The Dance that Defines Hawaii

in Dance

The Hula is a dance that has become synonymous with Hawaii and luaus, it is iconic and so well known that it is always depicted the same way in the media. Almost all the time you will see someone making the movements of the dance -  moving their hips in the direction they are moving, while at the same time moving the arms in a wave motion towards said direction -  usually on a television show with a Ukulele playing in the background, and someone saying/singing "aloha-hay aloha-hoi" or some other sayings. A part in Disney's The Lion King, for example, featured it in a comedic fashion.

Hula is a dance that is accompanied by singing or chanting in the background. Funnily enough though, not many people, even Hawaiians, know about the origins of the Hula. For example there is no information about the the first hula dance, although it is said that the dance was developed by the Polynesians, who were the original settlers of the island a time long before the island was heavily populated by westerners and became a part of America, and is now an island filled with Hawaii rentals. The chanting or Singing is called a 'mele' and they both accompany each other very well, as they are a form of communication of what is happening.

There are various styles of Hula, but the most common types are the Ancient hula and the auana.  Ancient hula is the type that has traditional chanting and instruments, it was the form of dance performed before western encounters with Hawaii and is also known as 'Kahiko'. This type of Hula is what many considered to be a religious ceremony, or a form of dance that was to praise and honour chiefs. Performances had to be correct as even a minor error would make the performance seem invalid and could even be interpreted as bad luck or a omen. This is why for this form of hula dancers were secluded while training, and are said to be blessed from the goddess Laka, and it is only in the ceremony of success that they emerge from their secluded status. Kahiko is still performed today and the traditional look is still graced on the Hula dancers. Funnily enough the chants were never put down in written form, they have been passed down orally for many years.  The chants told stories of various subject matters ranging from creation, mythology, royalty and various other things.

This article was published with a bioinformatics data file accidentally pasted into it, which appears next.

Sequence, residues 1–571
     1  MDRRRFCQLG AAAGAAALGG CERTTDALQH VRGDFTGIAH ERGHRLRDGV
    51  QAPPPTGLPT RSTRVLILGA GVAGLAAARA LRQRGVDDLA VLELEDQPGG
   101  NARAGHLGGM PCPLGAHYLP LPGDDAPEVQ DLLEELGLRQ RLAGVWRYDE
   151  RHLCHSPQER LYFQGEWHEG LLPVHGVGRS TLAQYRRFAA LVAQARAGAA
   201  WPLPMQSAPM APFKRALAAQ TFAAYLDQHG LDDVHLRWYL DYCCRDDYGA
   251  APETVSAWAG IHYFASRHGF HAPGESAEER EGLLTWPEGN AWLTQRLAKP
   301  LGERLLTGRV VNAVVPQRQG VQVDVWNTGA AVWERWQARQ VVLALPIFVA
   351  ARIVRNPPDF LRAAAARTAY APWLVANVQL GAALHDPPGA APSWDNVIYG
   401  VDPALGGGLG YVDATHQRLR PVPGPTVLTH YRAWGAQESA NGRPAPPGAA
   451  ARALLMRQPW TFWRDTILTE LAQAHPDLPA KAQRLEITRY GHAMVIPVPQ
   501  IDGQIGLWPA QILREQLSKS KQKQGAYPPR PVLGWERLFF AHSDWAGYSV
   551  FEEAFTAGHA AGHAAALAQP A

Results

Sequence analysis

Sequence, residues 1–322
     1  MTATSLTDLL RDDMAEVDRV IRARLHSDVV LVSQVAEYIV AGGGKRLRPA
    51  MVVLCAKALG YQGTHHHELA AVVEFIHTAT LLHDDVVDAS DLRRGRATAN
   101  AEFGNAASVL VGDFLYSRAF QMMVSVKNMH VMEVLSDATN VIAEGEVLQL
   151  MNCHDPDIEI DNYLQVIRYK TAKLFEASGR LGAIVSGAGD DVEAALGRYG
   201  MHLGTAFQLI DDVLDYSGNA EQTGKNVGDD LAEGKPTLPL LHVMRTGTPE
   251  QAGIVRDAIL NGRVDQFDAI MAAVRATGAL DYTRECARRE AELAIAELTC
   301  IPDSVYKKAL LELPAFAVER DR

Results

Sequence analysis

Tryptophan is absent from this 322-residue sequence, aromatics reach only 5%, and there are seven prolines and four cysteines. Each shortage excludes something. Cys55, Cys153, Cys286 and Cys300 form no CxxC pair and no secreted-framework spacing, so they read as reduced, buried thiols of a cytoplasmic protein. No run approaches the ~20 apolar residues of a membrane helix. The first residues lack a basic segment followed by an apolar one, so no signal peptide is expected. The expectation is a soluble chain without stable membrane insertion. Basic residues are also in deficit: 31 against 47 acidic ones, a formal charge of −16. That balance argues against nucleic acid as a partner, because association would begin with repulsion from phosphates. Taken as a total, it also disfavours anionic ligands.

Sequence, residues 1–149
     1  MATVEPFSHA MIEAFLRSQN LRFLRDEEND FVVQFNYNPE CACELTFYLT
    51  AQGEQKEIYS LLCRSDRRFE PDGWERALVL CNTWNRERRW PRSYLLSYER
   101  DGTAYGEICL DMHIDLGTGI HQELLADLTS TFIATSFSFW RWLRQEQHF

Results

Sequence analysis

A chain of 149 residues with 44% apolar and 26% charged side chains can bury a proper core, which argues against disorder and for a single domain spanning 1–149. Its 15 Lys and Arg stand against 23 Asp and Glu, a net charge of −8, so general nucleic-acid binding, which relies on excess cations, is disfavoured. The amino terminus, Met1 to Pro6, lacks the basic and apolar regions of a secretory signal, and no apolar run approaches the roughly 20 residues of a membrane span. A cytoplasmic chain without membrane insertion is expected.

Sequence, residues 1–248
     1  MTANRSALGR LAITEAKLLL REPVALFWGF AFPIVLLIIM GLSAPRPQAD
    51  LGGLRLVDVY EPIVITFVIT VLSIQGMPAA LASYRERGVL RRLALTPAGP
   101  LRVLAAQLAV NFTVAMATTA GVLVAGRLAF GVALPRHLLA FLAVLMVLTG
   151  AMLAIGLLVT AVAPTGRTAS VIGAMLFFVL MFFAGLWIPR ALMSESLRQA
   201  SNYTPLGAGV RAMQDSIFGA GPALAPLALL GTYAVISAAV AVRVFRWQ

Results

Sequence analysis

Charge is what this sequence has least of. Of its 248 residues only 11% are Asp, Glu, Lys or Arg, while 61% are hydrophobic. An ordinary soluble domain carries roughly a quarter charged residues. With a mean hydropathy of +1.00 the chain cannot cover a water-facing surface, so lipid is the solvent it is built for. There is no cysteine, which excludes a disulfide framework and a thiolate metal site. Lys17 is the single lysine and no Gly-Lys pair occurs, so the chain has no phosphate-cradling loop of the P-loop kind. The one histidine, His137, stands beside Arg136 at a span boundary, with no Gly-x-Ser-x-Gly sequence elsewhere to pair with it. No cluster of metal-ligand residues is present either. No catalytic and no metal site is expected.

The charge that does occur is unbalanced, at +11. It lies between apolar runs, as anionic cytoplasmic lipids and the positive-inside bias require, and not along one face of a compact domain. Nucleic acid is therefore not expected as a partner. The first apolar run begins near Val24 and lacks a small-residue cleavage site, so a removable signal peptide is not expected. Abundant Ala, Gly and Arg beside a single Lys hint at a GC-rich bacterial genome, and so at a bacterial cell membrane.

The auana is a modified modern adaptation of hula that has been heavily influenced by Western society, this is the hula that has the musical instruments that everyone today has related to the Hula, such as the Ukulele, the guitar and the double bass. You could say that it was influenced by Christian morality and melodic harmony. The hula still relates to the same type themes and stories but now has more modern tales to represent. The costumes don't have to follow a traditional as there is a freedom of choice, for example women who are a slow and graceful dancers can wear formal clothing like mu'umu'u and men could wear a sash, whilst if there was a more feisty song then they can choose to wear more revealing attire.

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The Dance that Defines Hawaii

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This article was published on 2010/10/04